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30 years on: Greg Hall on the most famous Cox Plate of all

Jockey Greg Hall recalls an owner's bizarre instructions prior to Super Impose's famous victory in the 1992 Cox Plate, to this day regarded as the greatest-ever field assembled in the iconic race.

The first time Greg Hall laid a finger on Super Impose was on October 24, 1992, the very same day the champion jockey won the Cox Plate on the by-then ageing superstar miler. 

“I’d never patted him, rode him trackwork or even touched him,” Hall told Asian Racing Report, 30 years on from what is widely considered the greatest Cox Plate of all time. 

It was a partnership that would never have been formed, however, had Hall been successful in his cheeky, concerted campaigning of master trainer Bart Cummings to try and get a Cox Plate booking on champion mare Let’s Elope. 

“I did manage to speak to Bart once and said, ‘I’ll win on your mare,’ and he said ‘oh you think so son?’, and then he kind of left it at that.”

But the jockey known simply as ‘G’ wasn’t done yet, tracking the visiting ‘Cups King’ to his Melbourne accommodation at Bourke Street’s Southern Cross Hotel, the same lodgings that famously housed the touring Beatles in 1964.

“I drove Bart mad trying to get on Let’s Elope. I was calling his hotel – the same place where The Beatles stayed – and paying the concierge to get notes put under his door,” Hall recalled. 

“A journalist I knew had also suggested to Bart that he put me on. Bart said, ‘he likes to party a lot, that kid’, to which the bloke replied, ‘well that may be so, but one thing with ‘G’ is you won’t die wondering if you put him on’.”

With the race fast approaching and having still not heard back from Cummings, Hall accepted another offer to ride Super Impose, a richly talented horse more celebrated for achieving a historic ‘Double Double’, winning both of Randwick’s famous mile handicaps, the Epsom and Doncaster, in consecutive years, than for his prowess over 2000 metres.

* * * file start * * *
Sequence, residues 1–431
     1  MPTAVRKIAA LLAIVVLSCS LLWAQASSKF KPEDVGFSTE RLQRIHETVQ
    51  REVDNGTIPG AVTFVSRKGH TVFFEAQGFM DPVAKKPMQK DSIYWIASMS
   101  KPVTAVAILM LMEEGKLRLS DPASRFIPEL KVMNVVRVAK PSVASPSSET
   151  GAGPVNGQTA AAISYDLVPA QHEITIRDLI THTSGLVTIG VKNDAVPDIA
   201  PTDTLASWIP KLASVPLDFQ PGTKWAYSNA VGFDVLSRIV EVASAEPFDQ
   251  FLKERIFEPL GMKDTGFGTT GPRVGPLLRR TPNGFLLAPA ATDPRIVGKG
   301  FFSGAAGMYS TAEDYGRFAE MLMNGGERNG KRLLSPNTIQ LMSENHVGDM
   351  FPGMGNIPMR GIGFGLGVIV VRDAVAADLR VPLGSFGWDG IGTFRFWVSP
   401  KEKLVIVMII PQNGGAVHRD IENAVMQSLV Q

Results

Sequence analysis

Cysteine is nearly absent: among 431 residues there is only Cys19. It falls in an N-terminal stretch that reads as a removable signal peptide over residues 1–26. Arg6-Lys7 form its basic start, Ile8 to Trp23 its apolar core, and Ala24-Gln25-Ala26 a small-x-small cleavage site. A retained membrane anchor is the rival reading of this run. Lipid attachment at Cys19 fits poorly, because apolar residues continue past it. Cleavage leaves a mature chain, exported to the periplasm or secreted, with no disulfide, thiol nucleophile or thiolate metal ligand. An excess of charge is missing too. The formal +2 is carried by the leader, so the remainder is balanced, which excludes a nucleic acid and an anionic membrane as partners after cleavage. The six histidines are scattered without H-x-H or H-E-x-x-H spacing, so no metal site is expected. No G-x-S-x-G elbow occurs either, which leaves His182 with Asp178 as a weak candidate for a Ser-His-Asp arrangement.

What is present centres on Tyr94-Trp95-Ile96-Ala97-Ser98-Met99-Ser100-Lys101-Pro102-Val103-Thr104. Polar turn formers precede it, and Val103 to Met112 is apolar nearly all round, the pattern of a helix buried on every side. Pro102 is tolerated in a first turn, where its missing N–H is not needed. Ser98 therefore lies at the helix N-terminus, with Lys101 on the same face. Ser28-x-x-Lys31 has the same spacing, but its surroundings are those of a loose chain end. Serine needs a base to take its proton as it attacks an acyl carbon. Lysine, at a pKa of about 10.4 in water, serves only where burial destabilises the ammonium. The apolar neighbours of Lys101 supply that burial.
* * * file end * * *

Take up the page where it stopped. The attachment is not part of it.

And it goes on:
Sure enough, no sooner had Hall accepted for Super Impose, his phone rang again. This time it was trainer David Hayes, with an offer to ride another champion warhorse, the Cox Plate and Japan Cup winner Better Loosen Up.

“In those days loyalties were everything and I said to David, ‘You wouldn’t believe it, I just took a ride in it,’” said Hall. 

The equine talent which faced the Moonee Valley starter that year remains the stuff of legend, with the 14 contestants already having amassed $28 million in prize money going into the race. 

Joining Let’s Elope, Better Loosen Up and Super Impose – champions all, retiring with 20 career Group 1 wins between them – were gallopers the ilk of iconic Kiwi Rough Habit, star fillies Slight Chance and Burst, Caulfield Cup winners Sydeston and Mannerism, and classy performers Kinjite and Prince Salieri. And then there was the hot favourite Naturalism. 

Up against a field like that, and with Super Impose in the twilight of a storied career, Hall’s initial assessment had his mount competing for the minor money only. No eight-year-old had won the Cox Plate before, and the backmarker Super Impose was likely to be conceding too big a start to a high quality line-up.

A pre-race conversation with ‘The Enforcer’ Mick Dittman, who had the plum ride on Naturalism, changed that.

“Mick used to sit next to me in the jockeys room when he’d come down from Sydney and he said ‘Listen G, ‘I was on Super when he won the Canberra Cup the start before and he won like a three-year-old, don’t think you’re not going into the race without a chance.’ My confidence level went through the roof because Mick and I are very close mates,” said Hall.  

Hall’s newly-found buzz was just as quickly diminished however, when it came time to be legged aboard the eight-year-old. 

Super Impose was trained by the all-conquering Freedman brothers – Lee, Anthony, Richard and Michael  – who like Liverpool’s ‘fab four’ were another celebrated, if slightly less globally-recognised, quartet. And like any good super group, Freedman Brothers Inc were blessed with a cast of contrasting personalities. 


Greg Hall and Anthony Freedman on Cox Plate day in 1992. (Photo by Colin L. Bull)

“We get to race day and Lee legs Mick up on Naturalism, Richard legs Damian Oliver up on Mannerism and I had the luxury of Anthony…”, Hall trailed off. “I don’t know if you know Anthony?” he said in reference to the famously gruff member of the training foursome.